Habit: an acquired behaviour pattern regularly followed until it has become almost involuntary; a dominant or regular disposition or tendency
I am really interested by what it takes for someone to turn something into a habit. I am someone who is always looking to change and improve the way I live my life and some habits seem to stick and others seem to be there for a while, but then just as quickly disappear!
One thing I have noticed about myself, is that if it is really important to me, then I will make sure I do the practice regularly and before I know it, it is just a way of life for me. So those that you deem necessary or uplifting or beneficial are likely to be easier to become habits.
So ask yourself:
1. Is this important to me? Will it enhance my life? Is it enjoyable? Does it bring me happiness?
2. If the answer to the first questions is “No”, then will it help me spend more time doing what I like?
Either way, you hopefully will have the commitment to make this new practice into a habit you keep.
But commitment isn’t always enough. The following are ways to help you ensure that practice leads to permanence.
1. Be conscious
Be really conscious about how you spend your time.
Notice when you spend time doing something you want to stop doing. Or on the flipside, know that you could be doing the new habit now and take action to put it in place. I have found that really being aware of what I am currently doing has helped me get new habits up and running.
2. Set up reminders
Beginning a new habit isn’t easy. It’s not always going to be front of mind – because if it is, it would probably be a habit already! So I like to have reminders around. This might be a note on the fridge, a post-it above my desk, an appointment in my calendar, an item in my daily to do list, or an email I send myself. Each one of these reminders brings the habit to front of mind, and helps me be more conscious about whether I am doing it or not.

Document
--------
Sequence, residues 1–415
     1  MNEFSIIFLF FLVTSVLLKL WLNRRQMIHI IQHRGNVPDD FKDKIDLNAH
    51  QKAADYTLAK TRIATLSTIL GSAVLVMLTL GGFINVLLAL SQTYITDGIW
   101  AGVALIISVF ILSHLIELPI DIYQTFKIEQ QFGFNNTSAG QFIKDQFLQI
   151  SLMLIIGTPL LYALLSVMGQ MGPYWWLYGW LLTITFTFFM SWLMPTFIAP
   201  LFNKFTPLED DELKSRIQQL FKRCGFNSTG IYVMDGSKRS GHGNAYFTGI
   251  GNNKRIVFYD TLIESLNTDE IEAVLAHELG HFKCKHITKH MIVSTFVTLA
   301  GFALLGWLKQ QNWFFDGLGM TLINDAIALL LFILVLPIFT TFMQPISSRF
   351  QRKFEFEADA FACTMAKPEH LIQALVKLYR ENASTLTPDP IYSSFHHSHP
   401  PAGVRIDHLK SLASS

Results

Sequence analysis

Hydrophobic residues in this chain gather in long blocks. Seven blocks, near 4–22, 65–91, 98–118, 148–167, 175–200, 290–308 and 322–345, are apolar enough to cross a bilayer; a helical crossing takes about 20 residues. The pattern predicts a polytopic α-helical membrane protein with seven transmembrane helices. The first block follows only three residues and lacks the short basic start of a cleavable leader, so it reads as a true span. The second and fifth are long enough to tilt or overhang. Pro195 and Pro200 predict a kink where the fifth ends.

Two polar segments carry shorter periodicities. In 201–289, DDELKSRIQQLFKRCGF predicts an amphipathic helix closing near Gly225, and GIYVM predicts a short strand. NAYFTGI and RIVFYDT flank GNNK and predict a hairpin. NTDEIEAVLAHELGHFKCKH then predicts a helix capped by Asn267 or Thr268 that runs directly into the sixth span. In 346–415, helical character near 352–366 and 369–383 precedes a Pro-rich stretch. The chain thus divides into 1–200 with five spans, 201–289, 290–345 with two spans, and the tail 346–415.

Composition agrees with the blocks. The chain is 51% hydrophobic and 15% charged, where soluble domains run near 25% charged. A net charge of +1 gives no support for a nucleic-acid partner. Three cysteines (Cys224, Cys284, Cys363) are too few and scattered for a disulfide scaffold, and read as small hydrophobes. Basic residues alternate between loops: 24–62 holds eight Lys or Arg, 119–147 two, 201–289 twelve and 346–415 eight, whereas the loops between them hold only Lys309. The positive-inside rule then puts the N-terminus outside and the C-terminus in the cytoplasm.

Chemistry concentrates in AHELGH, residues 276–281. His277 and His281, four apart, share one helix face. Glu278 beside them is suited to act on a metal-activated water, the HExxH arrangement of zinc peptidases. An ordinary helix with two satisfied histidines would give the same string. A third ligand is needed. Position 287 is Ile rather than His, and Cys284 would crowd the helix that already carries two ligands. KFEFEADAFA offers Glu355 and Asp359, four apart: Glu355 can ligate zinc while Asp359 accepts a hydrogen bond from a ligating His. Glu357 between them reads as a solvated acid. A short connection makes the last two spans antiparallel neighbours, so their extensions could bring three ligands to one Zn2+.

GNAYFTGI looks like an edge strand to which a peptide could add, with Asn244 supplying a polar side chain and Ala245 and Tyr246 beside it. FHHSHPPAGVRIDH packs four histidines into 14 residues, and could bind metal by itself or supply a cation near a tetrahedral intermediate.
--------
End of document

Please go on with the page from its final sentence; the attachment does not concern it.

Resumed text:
3. Take small steps
It is best to start small when making any change. Once you have made one small change then you can add to it. You’re much more likely to form a habit this way, rather than having something too big that you just can’t get your head around.
So if your aim is to exercise for 30 minutes three times a week. How about starting with 5 minutes three times a week? Then move to 10 minutes, and so on.
4. Tell someone else
It really helps to be accountable to someone else. Tell friends or family what habit you want to set up and then get them to check in to see how you are going with forming this new habit (or removing an old one).
But be truthful with them! Tell them when you were successful, and also be honest when you’ve tripped up.
5. Celebrate your successes
Before you start off, set up some milestones you want to reach. Completing the new habit daily for a week? Doing it for two weeks. A month. Two months. Mark each milestone with a reward – something that really excites you and will help you continue with forming the habit.
6. Be patient with yourself
Forming new habits will take time. Your brain takes more energy to think about new ideas than to think about things you have always done, so it is likely to feel like hard work at times too. There will be weeks when it just flows and you can do the habit without thinking and then other weeks it will all seem so hard. But don’t be too hard on yourself. Continue to celebrate your successes, pick yourself up and try again if you miss a day, and be kind to yourself. It isn’t easy, but it is worth it!